Collective search by mobile robots using alpha-beta coordination

  • Steven Y. Goldsmith
  • Rush RobinettIII
Conference paper
Part of the Lecture Notes in Computer Science book series (LNCS, volume 1456)


One important application of mobile robots is searching a geographical region to locate the origin of a specific sensible phenomenon. Mapping mine fields, extraterrestrial and undersea exploration, the location of chemical and biological weapons, and the location of explosive devices are just a few potential applications. Teams of “robotic bloodhounds” have a simple common goal; to converge on the location of the source phenomenon, confirm its intensity, and to remain aggregated around it until directed to take some other action. In cases where human intervention through teleoperation is not possible, the robot team must be deployed in a territory without supervision, requiring an autonomous decentralized coordination strategy. This paper presents the alpha-beta coordination strategy, a family of collective search algorithms that are based on dynamic partitioning of the robotic team into two complementary social roles according to a sensor-based status measure. Robots in the alpha role are risk-takers, motivated to improve their status by exploring new regions of the search space. Robots in the beta role are motivated to improve but are conservative, and tend to remain aggregated and stationary until the alpha robots have identified better regions of the search space. Roles are determined dynamically by each member of the team based on the status of the individual robot relative to the current state of the collective. Partitioning the robot team into alpha and beta roles results in a balance between exploration and exploitation, and can yield collective energy savings and improved resistance to sensor noise and defectors. Alpha robots waste energy exploring new territory, and are more sensitive to the effects of ambient noise and to defectors reporting inflated status. Hypothetically, beta robots conserve energy by moving in a direct path to regions of confirmed high status. Beta robots also resist the effects of noise and defectors by averaging status data, but must rely on alpha robots to improve their performance. Alpha-beta is a reactive strategy that requires directed communication of instantaneous sensor data among team members, but does not rely on a domain model. Alpha-beta coordination is a new and ongoing research effort. We present the basic concepts behind the alpha-beta strategy and exhibit preliminary simulation data that illustrate the collective search modes in an idealized search domain.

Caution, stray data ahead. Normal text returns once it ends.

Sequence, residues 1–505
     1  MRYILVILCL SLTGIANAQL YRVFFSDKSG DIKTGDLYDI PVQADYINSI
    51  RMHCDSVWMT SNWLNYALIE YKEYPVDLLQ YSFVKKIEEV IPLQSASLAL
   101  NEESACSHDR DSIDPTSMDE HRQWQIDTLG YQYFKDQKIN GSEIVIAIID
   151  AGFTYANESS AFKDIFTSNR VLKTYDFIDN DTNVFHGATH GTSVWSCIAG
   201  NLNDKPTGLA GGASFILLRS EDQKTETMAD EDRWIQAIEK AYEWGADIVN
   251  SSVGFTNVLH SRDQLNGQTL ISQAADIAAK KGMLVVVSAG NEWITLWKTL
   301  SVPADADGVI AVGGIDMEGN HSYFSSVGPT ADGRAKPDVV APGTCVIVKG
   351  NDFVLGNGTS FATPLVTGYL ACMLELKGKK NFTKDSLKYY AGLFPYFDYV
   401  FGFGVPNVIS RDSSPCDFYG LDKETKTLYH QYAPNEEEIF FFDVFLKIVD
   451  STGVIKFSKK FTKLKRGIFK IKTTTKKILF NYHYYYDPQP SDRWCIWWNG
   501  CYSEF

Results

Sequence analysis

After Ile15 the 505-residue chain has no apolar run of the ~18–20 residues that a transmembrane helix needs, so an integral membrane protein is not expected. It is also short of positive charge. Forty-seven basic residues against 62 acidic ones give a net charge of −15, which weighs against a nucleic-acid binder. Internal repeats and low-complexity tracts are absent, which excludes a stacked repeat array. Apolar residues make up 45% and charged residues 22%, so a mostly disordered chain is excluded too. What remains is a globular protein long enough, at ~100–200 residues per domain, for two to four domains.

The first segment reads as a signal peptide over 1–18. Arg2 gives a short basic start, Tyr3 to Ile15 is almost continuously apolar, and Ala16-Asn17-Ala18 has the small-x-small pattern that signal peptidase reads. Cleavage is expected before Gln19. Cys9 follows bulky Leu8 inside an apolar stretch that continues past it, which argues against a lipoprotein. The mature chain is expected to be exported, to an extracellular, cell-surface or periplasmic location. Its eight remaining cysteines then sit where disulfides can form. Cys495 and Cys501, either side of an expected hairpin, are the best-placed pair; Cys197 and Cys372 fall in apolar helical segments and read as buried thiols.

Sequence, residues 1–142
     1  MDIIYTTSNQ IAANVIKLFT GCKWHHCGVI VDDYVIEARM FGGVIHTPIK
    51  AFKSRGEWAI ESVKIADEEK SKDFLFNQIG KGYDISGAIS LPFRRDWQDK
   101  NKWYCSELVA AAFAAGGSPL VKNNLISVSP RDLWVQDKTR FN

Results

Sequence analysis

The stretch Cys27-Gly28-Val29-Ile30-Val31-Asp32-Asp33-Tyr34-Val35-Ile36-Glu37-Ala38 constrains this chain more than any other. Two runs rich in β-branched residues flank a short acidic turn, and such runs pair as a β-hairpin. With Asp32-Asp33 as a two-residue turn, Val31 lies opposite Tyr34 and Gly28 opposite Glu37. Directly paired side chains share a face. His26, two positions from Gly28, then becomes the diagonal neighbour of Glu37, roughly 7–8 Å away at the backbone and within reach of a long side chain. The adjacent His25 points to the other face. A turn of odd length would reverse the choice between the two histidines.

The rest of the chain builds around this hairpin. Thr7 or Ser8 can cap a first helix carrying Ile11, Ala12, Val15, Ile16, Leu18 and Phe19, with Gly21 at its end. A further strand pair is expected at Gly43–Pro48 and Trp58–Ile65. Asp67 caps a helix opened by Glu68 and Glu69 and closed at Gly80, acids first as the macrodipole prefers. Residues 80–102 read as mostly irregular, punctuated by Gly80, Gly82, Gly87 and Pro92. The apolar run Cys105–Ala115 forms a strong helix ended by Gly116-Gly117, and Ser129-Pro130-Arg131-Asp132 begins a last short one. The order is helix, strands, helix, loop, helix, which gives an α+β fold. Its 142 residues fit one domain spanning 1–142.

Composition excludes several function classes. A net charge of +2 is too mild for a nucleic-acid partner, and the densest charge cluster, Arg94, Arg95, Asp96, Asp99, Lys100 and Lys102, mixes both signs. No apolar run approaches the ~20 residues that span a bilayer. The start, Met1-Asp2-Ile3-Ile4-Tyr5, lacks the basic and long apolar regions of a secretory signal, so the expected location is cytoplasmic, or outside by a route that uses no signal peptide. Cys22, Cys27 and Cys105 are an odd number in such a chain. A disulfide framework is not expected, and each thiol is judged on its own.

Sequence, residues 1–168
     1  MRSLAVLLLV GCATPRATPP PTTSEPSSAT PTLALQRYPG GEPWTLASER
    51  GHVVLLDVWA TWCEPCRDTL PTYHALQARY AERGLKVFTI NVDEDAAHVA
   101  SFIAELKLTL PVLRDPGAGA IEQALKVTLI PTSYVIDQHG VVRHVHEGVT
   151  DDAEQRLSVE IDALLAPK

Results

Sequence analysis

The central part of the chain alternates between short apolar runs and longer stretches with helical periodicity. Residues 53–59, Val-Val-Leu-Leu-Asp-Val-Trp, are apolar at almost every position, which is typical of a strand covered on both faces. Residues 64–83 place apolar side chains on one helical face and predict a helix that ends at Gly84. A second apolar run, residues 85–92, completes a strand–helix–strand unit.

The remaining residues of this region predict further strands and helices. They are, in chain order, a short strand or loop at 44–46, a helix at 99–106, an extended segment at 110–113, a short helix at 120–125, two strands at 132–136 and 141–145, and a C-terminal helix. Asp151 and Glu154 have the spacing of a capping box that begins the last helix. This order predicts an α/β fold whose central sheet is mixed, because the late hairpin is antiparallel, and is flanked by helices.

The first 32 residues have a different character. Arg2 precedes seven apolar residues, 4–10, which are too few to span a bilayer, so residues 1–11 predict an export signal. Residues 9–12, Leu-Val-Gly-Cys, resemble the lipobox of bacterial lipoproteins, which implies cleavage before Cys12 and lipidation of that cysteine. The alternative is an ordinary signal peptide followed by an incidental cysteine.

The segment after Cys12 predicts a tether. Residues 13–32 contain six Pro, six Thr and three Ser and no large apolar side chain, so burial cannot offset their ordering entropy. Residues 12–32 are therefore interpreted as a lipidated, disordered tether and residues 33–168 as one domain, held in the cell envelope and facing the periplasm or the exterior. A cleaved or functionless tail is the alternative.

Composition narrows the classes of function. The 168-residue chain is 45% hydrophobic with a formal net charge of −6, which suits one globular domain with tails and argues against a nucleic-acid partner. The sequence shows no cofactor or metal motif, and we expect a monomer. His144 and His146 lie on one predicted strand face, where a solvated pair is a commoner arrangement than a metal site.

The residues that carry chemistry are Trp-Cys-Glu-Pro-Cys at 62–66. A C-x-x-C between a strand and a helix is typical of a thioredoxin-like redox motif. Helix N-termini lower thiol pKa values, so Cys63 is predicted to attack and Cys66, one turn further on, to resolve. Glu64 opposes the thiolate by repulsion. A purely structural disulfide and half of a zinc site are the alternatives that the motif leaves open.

collective robotics collective search reactive coordination emergent behavior collaborative agents 


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Copyright information

© Springer-Verlag Berlin Heidelberg 1998

Authors and Affiliations

  • Steven Y. Goldsmith
    • 1
  • Rush RobinettIII
    • 1
  1. 1.Sandia National LaboratoriesAlbuquerqueUSA

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